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Secure outsourcing of cryptographic circuits. (English) Zbl 1421.94082
Baek, Joonsang (ed.) et al., Provable security. 12th international conference, ProvSec 2018, Jeju, South Korea, October 25–28, 2018. Proceedings. Cham: Springer. Lect. Notes Comput. Sci. 11192, 94-108 (2018).
Summary: Learning Parity with Noise (LPN) represents a notoriously hard problem in learning theory and it is also closely related to the “Decoding Random Linear Codes” problem in coding theory. Recently LPN has found many cryptographic applications such as authentication protocols, pseudorandom generators/functions and even advanced tasks including public-key encryption (PKE) schemes and oblivious transfer (OT) protocols. Crypto-systems based on LPN are computationally efficient and parallelizable in concept, thanks to the simple algebraic structure of LPN, but they (especially the public-key ones) are typically inefficient in terms of public-key/ciphertext sizes and/or communication complexity. To mitigate the issue, Heyse et al. (FSE 2012) introduced the ring variant of LPN (Ring-LPN) that enjoys a compact structure and gives rise to significantly more efficient cryptographic schemes. However, unlike its large-modulus analogue Ring-LWE (to which a reduction from ideal lattice problems can be established), no formal asymptotic studies are known for the security of Ring-LPN or its connections to other hardness assumptions.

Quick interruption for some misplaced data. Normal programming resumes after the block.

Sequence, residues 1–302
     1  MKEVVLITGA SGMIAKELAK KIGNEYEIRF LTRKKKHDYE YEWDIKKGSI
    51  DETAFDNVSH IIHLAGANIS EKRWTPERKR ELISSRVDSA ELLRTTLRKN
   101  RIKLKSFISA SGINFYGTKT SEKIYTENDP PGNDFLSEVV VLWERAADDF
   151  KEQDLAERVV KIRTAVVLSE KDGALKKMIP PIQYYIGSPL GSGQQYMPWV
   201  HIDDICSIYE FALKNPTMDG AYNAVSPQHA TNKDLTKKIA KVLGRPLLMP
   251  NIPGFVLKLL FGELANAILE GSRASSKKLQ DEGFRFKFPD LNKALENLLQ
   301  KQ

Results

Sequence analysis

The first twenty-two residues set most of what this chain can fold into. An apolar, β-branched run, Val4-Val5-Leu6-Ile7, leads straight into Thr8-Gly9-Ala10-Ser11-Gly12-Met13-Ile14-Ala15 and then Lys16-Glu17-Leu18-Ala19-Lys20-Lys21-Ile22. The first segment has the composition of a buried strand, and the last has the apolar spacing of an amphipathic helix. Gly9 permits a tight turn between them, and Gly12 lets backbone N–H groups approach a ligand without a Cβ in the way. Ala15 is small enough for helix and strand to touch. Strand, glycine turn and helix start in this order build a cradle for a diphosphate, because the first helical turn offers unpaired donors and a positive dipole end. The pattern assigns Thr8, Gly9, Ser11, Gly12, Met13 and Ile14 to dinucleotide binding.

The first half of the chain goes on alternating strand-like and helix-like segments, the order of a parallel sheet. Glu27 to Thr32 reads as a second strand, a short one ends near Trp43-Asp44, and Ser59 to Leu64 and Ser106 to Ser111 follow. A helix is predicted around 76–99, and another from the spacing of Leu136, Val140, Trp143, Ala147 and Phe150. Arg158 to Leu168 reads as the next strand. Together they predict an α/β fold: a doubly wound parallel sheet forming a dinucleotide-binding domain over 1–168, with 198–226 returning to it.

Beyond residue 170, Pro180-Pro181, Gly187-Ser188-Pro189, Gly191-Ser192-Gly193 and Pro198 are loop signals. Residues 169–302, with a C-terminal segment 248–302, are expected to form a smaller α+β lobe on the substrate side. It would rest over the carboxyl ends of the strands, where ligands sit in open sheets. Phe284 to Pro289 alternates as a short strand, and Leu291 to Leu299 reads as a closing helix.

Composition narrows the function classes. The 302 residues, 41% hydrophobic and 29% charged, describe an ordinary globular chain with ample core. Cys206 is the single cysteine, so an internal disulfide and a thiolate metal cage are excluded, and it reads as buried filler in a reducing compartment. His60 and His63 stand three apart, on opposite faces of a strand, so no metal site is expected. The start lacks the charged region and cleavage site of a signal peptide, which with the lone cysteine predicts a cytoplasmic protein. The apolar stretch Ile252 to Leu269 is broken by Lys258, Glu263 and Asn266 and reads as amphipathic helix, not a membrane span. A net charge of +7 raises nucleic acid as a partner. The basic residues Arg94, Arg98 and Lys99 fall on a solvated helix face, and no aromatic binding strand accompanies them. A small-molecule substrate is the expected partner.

Informally, we show that for \(\mu=1/n^{0.5-\epsilon}\) and \(\delta=\mu\mu 'n=o(1)\): assume that the decisional LPN problem of noise rate \(\mu\) is hard even when its matrix is generated by a random Ring-LPN instance of noise rate \(\mu '\) (whose matrix is also kept secret in addition to secret and noise), then either Ring-LPN of noise rate \(\delta \) is hard or public-key cryptography is implied. We remark that the heuristic-based approach to public randomness generation (as used in the assumption) is widely adopted in practice, and the latter statement is less likely because noise rate \(\mu=1/n^{0.5-\epsilon}\) is believed to reside in the minicrypt-only regime for LPN. Therefore, our results constitute non-trivial evidence that Ring-LPN might be as hard as LPN.
For the entire collection see [Zbl 1398.94007].
MSC:
94A60 Cryptography
94A62 Authentication, digital signatures and secret sharing
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